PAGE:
Discover Your Calligraphy Personality With This Quick Exercise

Have you been diligently practicing your calligraphy strokes and letters, copying the exemplars exactly? Learning from the experts is fine, but at some point, you’ll want to add a little more “you” into your calligraphy. Here are my tips on how to add that personal je-ne-sais-quoi to your calligraphy!

Calligraphy Drawing by Laura Lavender

Master Modern Calligraphy

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First, take a close look at your regular handwriting.

This exercise will give you an idea of where you can naturally add individuality to your own handwriting — and therefore where you could add it to your calligraphy!

Step 1: Write

Start by grabbing a regular ballpoint pen or pencil. Write out a few lines of your everyday cursive handwriting.

If by chance you haven’t done any cursive handwriting since around the time your bike had training wheels, don’t worry! Just write out a few extra lines and words till you feel comfortable with cursive again!

Step 2: Analyze

Now, look closely at the components of your handwriting in your cursive sample.

  • Are your letters tall and thin or short and fat?
  • Do you have much space between your letters, or are all your letters tightly linked?
  • Do you naturally add any flourishes to your handwriting, and if so, where?
  • What do your ascenders and descenders look like? (Ascenders and descenders are any strokes that extend above or below the main writing line)
  • Do all your letters sit nicely on the writing baseline, or do they jump around, up and down?

Step 3: Find opportunities

Based on the observations you made in the last step, can you find any inspiration on how to add your handwriting personality to your calligraphy?

For example, if your handwriting is naturally very low and elongated? If so, you may wish to add the same effect to your calligraphy. Try long oval shapes, a very low x-height and a strong right slope.

Or, does your handwriting have a strong left slant? Perhaps you would like to try that why your calligraphy for a unique look.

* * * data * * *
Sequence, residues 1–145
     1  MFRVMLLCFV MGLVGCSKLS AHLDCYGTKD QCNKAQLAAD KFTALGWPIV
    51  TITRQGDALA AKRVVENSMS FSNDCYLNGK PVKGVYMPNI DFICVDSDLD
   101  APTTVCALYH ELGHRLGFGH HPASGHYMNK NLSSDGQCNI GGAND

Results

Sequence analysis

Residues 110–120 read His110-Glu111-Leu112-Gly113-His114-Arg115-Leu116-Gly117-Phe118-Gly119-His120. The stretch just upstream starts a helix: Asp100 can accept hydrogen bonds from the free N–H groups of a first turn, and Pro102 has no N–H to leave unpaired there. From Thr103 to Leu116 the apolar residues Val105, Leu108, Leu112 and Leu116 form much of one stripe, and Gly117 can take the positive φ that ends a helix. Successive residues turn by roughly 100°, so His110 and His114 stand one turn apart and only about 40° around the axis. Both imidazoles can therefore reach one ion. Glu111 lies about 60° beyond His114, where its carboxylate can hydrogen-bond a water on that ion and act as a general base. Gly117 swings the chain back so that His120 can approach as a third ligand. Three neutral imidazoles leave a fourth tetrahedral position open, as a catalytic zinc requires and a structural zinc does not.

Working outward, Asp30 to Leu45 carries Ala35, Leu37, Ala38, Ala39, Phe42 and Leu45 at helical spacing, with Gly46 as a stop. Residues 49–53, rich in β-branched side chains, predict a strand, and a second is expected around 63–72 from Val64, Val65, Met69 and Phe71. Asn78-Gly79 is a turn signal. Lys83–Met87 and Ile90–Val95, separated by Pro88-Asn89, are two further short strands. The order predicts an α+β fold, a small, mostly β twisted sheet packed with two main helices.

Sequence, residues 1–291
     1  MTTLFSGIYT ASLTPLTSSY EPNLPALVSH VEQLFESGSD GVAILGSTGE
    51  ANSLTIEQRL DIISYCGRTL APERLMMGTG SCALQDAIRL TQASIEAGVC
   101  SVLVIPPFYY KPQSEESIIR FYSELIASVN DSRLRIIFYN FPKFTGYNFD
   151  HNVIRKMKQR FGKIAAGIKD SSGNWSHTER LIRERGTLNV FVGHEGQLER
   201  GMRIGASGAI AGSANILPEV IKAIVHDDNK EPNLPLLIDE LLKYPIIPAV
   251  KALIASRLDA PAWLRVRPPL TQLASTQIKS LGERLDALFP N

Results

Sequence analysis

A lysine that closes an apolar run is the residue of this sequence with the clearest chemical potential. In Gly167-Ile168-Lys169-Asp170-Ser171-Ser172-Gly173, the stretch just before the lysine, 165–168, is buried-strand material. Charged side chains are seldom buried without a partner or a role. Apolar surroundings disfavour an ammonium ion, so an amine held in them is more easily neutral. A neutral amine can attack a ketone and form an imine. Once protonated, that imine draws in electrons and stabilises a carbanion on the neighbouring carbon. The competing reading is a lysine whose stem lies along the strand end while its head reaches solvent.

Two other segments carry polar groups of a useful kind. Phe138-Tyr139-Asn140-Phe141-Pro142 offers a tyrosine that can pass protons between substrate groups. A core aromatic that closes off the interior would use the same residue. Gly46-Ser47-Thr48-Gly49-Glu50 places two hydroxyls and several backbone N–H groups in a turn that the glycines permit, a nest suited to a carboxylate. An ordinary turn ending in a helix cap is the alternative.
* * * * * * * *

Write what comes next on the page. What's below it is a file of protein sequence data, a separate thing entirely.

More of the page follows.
Taking a close look at how you naturally write is an interesting way to add uniqueness to your calligraphy. Once you have an idea of your handwriting’s personality and how you can apply it to your hand-lettering, let’s get started!

Grab your pen & ink!

With your pointed pen in hand, pick a word — any word. For this exercise, take one of the following approaches:

  • Pick a style from the list below that’s most in line with your own handwriting peculiarities
  • Try every option on this list and stick with the one that feels most natural to you
  • Just go with whichever style most appeals to you (that’s part of your personality, too)
how to add personality to Calligraphy personality individuality

I put together this image with a variety of pointed pen lettering styles. This is a good starting point, but know that this is not an exhaustive list of calligraphy styles.

Here’s a little bit more about each style, starting from the top left of the image, and working down:

  • Upright: The letters remain vertical throughout.
  • Right Slope: In this classic variation, the letters slant to the right, as in traditional copperplate.
  • Left Slope: The letters sit at a steep angle to the left.
  • Large Majuscules: This style uses a very large capital letter, about five times the size of the small letters.
  • Sharp Letters: These letters have sharply pointed angles on all the normally rounded letters, adding a modern look to pointed pen calligraphy.
  • Super Flourished: Dramatic swoops and swashes appear on ascenders, descenders and exit strokes for an over-the-top look.
  • All Lower Case: Writing all your letters in lower-case lends a casual unpretentiousness to your calligraphy. Try this style with unflourished, simply structured letters.
  • Bounce Letters: This trendy look has alternating letters above then below the baseline (the writing line).
  • Curlicues: These letters have decorative curly-swirly flourishes.
  • Small Majuscules: In this style, majuscules the same size as the lower case letters for a different look.
  • Dots: Exit strokes are capped off with a copperplate-inspired dot.
  • Florals: Try extending your flourish into a romantic floral embellishment.

Which style most speaks to your personality? Share in the comments!

Master Modern Calligraphy

Join Laura in her online class, where you’ll learn essential calligraphy exercises and techniques. Get the Class!

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